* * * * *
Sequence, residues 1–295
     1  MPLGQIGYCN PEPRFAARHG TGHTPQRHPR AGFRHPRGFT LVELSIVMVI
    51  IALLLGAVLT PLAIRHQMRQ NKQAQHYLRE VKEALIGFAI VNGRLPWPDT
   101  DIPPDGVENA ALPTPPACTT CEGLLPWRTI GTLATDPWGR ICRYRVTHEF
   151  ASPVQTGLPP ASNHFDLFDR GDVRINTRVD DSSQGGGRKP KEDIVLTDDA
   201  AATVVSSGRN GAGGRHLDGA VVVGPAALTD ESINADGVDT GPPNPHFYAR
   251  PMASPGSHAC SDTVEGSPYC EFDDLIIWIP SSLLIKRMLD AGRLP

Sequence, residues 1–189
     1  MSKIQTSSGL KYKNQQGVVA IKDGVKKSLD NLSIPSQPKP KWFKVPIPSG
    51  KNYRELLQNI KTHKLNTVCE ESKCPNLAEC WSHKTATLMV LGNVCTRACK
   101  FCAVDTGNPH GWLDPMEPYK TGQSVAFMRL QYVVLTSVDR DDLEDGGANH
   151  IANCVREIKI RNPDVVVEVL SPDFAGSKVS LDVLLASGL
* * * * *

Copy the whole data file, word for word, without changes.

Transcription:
Sequence, residues 1–295
     1  MPLGQIGYCN PEPRFAARHG TGHTPQRHPR AGFRHPRGFT LVELSIVMVI
    51  IALLLGAVLT PLAIRHQMRQ NKQAQHYLRE VKEALIGFAI VNGRLPWPDT
   101  DIPPDGVENA ALPTPPACTT CEGLLPWRTI GTLATDPWGR ICRYRVTHEF
   151  ASPVQTGLPP ASNHFDLFDR GDVRINTRVD DSSQGGGRKP KEDIVLTDDA
   201  AATVVSSGRN GAGGRHLDGA VVVGPAALTD ESINADGVDT GPPNPHFYAR
   251  PMASPGSHAC SDTVEGSPYC EFDDLIIWIP SSLLIKRMLD AGRLP

Sequence, residues 1–189
     1  MSKIQTSSGL KYKNQQGVVA IKDGVKKSLD NLSIPSQPKP KWFKVPIPSG
    51  KNYRELLQNI KTHKLNTVCE ESKCPNLAEC WSHKTATLMV LGNVCTRACK
   101  FCAVDTGNPH GWLDPMEPYK TGQSVAFMRL QYVVLTSVDR DDLEDGGANH
   151  IANCVREIKI RNPDVVVEVL SPDFAGSKVS LDVLLASGL